her with the horse’s registration papers” and “theft, based on the fact that Leclair sold
her Electric Surge without Dugan’s permission.”
Both sides agree that probable cause is measured against “the crime for which
[the plaintiff] was prosecuted.” Richey, 952 S.W.2d at 517. As opposed to Bearden’s
appellate framing of Leclair’s alleged acts of theft, the grand jury indicted Leclair for
stealing Bearden’s money, with the implication that she got nothing in return.
19 She
told the grand jury that:
• she purchased the horse from Leclair on January 2, 2012 for $18,500;
19Based on trial testimony that, without papers, Surge was worth only $300 to
$500, Bearden tells us that she believed she “received practically nothing in return.”
[Emphasis added.] But she said nothing to the grand jury about any diminished value.
• she learned in April or “around the first part of May” that the horse was not
Leclair’s to sell;
• she had a conversation with the “actual owner-of-record,” who told her that he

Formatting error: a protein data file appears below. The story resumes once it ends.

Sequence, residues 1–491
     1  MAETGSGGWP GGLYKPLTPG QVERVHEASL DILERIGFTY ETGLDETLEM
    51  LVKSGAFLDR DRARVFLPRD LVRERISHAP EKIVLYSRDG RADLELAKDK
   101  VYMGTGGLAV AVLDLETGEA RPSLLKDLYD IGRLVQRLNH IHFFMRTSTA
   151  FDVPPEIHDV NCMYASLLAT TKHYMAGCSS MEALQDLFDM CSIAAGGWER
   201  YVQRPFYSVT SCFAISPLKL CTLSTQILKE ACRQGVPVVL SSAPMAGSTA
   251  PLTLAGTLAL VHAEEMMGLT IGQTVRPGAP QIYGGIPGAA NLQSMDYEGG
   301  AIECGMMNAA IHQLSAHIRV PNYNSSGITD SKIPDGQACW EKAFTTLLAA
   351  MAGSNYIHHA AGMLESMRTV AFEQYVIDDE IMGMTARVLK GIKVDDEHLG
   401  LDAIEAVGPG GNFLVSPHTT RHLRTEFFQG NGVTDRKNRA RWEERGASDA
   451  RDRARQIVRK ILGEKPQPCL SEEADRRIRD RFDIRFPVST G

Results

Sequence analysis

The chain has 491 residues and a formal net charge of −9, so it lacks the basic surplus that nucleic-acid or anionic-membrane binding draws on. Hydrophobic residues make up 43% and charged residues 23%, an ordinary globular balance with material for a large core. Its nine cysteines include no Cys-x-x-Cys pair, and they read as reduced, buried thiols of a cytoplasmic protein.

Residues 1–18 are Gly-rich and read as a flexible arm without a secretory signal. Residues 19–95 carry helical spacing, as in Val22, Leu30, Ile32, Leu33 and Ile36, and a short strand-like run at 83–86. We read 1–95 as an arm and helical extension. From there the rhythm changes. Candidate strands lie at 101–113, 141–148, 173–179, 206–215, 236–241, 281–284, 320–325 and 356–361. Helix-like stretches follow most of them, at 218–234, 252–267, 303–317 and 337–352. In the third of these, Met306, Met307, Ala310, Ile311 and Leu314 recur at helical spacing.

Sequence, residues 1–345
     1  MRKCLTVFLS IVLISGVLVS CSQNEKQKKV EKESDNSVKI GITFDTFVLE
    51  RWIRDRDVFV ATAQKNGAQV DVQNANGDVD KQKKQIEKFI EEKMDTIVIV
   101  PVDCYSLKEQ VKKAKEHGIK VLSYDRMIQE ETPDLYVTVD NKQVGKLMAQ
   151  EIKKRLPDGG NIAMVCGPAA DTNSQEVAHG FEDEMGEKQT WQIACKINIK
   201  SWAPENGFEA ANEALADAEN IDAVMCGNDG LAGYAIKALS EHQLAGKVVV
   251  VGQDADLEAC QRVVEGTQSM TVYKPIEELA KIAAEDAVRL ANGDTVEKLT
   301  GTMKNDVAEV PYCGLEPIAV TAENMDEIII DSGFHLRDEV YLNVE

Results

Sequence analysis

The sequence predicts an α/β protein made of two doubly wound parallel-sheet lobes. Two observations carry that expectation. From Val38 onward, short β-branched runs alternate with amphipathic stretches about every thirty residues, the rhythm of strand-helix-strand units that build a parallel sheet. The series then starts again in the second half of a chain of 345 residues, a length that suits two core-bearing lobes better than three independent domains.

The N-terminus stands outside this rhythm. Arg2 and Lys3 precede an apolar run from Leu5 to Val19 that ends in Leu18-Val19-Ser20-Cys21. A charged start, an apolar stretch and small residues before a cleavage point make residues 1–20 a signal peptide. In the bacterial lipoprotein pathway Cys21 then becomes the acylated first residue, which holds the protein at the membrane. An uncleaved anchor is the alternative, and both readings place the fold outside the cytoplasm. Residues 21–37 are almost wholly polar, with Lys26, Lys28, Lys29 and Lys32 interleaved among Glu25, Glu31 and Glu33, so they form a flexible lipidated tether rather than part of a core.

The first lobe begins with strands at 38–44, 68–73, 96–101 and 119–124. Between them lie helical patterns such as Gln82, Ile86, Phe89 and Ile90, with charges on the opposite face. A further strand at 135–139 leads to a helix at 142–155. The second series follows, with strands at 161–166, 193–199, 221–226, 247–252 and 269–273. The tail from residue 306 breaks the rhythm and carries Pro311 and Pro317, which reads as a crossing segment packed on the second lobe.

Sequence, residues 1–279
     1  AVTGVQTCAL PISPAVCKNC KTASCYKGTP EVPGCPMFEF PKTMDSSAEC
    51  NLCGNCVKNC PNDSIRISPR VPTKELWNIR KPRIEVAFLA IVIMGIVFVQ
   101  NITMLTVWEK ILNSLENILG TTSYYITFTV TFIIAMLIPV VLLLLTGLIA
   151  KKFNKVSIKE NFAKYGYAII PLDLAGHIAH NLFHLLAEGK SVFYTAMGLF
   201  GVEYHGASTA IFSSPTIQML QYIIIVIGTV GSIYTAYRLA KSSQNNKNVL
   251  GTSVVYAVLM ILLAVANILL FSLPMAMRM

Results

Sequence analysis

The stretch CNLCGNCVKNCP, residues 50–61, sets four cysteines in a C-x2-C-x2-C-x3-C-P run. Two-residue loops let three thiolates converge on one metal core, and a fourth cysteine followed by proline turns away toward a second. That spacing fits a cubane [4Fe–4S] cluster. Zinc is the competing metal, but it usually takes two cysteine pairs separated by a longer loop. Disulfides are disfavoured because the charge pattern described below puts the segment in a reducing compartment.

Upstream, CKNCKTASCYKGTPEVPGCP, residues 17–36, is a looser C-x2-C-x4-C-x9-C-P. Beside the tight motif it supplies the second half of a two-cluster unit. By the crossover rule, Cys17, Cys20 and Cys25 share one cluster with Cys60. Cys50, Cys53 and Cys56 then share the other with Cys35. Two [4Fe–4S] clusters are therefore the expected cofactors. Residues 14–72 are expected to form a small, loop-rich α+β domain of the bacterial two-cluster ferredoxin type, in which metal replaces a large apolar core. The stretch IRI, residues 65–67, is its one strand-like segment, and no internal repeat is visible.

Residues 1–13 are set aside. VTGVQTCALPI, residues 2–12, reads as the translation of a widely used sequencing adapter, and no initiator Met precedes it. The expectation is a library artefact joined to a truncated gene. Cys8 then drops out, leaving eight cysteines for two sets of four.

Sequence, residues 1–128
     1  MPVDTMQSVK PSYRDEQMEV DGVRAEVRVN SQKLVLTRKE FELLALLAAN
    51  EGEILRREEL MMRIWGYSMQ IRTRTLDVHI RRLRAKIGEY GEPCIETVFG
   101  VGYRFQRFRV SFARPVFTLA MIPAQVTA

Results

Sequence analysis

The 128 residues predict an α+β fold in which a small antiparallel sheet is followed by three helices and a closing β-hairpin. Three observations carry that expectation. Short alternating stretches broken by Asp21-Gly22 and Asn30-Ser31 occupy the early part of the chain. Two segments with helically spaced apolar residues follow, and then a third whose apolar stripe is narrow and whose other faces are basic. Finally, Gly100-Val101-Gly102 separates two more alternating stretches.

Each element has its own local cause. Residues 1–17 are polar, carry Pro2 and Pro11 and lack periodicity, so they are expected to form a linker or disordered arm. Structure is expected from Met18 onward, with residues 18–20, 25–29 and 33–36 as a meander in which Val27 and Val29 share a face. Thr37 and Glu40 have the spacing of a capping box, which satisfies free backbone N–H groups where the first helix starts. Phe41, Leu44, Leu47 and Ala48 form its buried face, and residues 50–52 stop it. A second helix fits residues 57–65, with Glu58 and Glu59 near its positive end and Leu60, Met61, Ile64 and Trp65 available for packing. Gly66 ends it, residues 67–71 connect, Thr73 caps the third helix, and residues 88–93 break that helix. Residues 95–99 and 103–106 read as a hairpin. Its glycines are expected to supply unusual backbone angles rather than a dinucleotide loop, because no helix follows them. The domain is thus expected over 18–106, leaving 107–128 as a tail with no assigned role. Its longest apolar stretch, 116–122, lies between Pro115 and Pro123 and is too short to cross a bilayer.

had never given Leclair authority to sell the horse;
• Leclair knew that Dugan owned the horse;
• she had a text message revealing that “Leclair knew that Dugan had never given
him permission to sell the horse”;
• Leclair sold Bearden a horse that didn’t belong to him, and he received money
for it;
• she was paying the bills on the horse, but Dugan still owned the horse “as far
as the title goes”; and
• Dugan wanted his horse back.
Setting aside the disingenuousness of many of these statements—and
Johnson’s testimony that what Bearden swore to the grand jury was “inconsistent”
with what she had told him—Bearden knew much more that she did not tell the grand
jury: Bearden was Dugan’s “trump card” in his campaign to get the most out of L&D
and Leclair; Leclair had reminded Bearden that Dugan knew that Surge “was being
sold to go towards his bill I told you that”; Dugan was going to hold Surge’s papers
until he and Leclair settled up, at which point Bearden would get them; and Bearden
knew that she could always go through the AQHA to get the papers even if Dugan or
Leclair never cooperated.
In short, Bearden knew that she paid $18,500 for a horse and that her
ownership was never in doubt. That alone shows lack of probable cause to accuse
Leclair of felony theft of money, although there’s something even more fundamental:
Bearden did not tell the grand jury that Leclair had offered her money back, an offer
that would surely torpedo any honest and reasonable person’s belief that a theft had
been committed.
As for Leclair’s alleged crime of selling a horse without Dugan’s permission—